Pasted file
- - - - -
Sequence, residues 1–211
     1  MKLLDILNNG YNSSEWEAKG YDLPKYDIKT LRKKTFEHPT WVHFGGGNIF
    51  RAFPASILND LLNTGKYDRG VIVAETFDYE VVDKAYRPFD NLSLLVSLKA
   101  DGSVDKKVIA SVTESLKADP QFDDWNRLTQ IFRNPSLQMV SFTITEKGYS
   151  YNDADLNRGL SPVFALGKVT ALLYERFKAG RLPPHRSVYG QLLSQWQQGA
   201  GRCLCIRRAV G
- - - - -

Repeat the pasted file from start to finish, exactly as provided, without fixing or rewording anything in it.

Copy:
Sequence, residues 1–211
     1  MKLLDILNNG YNSSEWEAKG YDLPKYDIKT LRKKTFEHPT WVHFGGGNIF
    51  RAFPASILND LLNTGKYDRG VIVAETFDYE VVDKAYRPFD NLSLLVSLKA
   101  DGSVDKKVIA SVTESLKADP QFDDWNRLTQ IFRNPSLQMV SFTITEKGYS
   151  YNDADLNRGL SPVFALGKVT ALLYERFKAG RLPPHRSVYG QLLSQWQQGA
   201  GRCLCIRRAV G